Understanding the Benefits and Uses of a 600 Mbps Wireless Home Router

Wireless Router On Table Against White Background
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The WiFi standard 802.11n theoretically allows for speeds of up to 600 Mbps, but that is the total that the router offers over multiple channels. When you connect to a computer or device, you won't be connecting at the full 600 Mbps rating of the router.

When considering a 600 Mbps router, there are a host of caveats and limitations that determine how close to that speed your WiFi connection will be in reality.

If you are considering getting a router that offers an 802.11n standard for increased WiFi speed, here are points to consider.

Internet Connection Speed

If you want to improve your speed when connecting to the internet, you want to make sure the connection from by your internet service provider (ISP) offers enough speed for the new router to take advantage of. ISP connections like cable, fiber optic, or DSL have package levels with speed ratings, and even the low-end packages will likely offer speeds that an 802.11n standard router could take advantage of.

However, check the advertised speed of your connection to be sure, because though you may have a 600 Mbps router, it isn't going to improve your speed on the internet if your ISP connection is slower than 300Mbps (since you can only connect to one of those 2.4GHz channels with a single device).

Home Network Connection Speed

If you're primarily interested in how fast your network is inside your home (not how fast your internet speed is), then an 802.11n router would be an improvement over an older router of the 802.11 a/b/g standard. For example, if you share files between computers and devices inside your home, the faster router would speed up how quickly those files are transferred.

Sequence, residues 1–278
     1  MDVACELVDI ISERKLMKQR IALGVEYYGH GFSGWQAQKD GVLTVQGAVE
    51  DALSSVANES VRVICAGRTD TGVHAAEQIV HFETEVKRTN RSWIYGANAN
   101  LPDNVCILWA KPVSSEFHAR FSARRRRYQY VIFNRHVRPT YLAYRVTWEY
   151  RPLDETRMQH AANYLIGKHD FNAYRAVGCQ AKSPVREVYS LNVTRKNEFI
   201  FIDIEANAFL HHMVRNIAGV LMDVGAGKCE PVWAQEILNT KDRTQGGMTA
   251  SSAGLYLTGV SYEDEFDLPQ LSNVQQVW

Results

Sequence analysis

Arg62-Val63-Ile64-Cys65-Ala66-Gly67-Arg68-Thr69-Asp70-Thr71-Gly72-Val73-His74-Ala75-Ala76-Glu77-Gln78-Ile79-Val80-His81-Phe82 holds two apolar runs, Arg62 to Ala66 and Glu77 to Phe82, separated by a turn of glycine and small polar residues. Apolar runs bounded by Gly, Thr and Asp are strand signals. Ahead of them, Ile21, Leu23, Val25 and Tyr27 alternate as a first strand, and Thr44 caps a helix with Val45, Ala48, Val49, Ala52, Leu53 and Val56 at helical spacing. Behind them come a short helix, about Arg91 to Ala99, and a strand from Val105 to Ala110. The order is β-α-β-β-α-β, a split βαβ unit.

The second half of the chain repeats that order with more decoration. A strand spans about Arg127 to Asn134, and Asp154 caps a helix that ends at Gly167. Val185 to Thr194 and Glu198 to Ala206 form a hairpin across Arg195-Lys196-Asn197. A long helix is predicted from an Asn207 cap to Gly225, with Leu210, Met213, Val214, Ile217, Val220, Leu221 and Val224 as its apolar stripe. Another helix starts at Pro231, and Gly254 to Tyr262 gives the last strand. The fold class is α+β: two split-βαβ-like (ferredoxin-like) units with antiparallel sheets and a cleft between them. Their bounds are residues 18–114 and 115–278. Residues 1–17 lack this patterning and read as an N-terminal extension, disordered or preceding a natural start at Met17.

However, again, that is only within the network inside your home; as soon as you go out to the internet, you will be limited by your ISP speed as mentioned in the previous section.

Computer and Device Compatibility

If you want to get a faster router with the 802.11n standard, make sure the computers and devices that will use it are compatible with 802.11n. Older devices may only be compatible with 802.11 b/g, and though they will connect and work with a router that has the newer n standard, those devices will be limited to the slower speeds of their older a/b/g standards.

Also, the number of antennas available in the device you will be connecting to the router will have an impact on how much of the router's bandwidth and speed it can take advantage of. Some devices have only one antenna, and those will be limited to 150Mbps (and in reality may be slower). Unfortunately, this information may not be easy to locate for the device.

2.4GHz and 5GHz Channels

Modern WiFi routers have two channels, one is 2.4GHz and the other is 5GHz. The 5GHz channels offer faster speeds but have a slightly shorter distance that they can reach from the router. With both channels, the farther away from the router you are, the slower your connection speed is going to be. So, if you're looking for improved speeds from an 802.11n router, you will need to factor in where you place the router to take greater advantage of the improved speeds.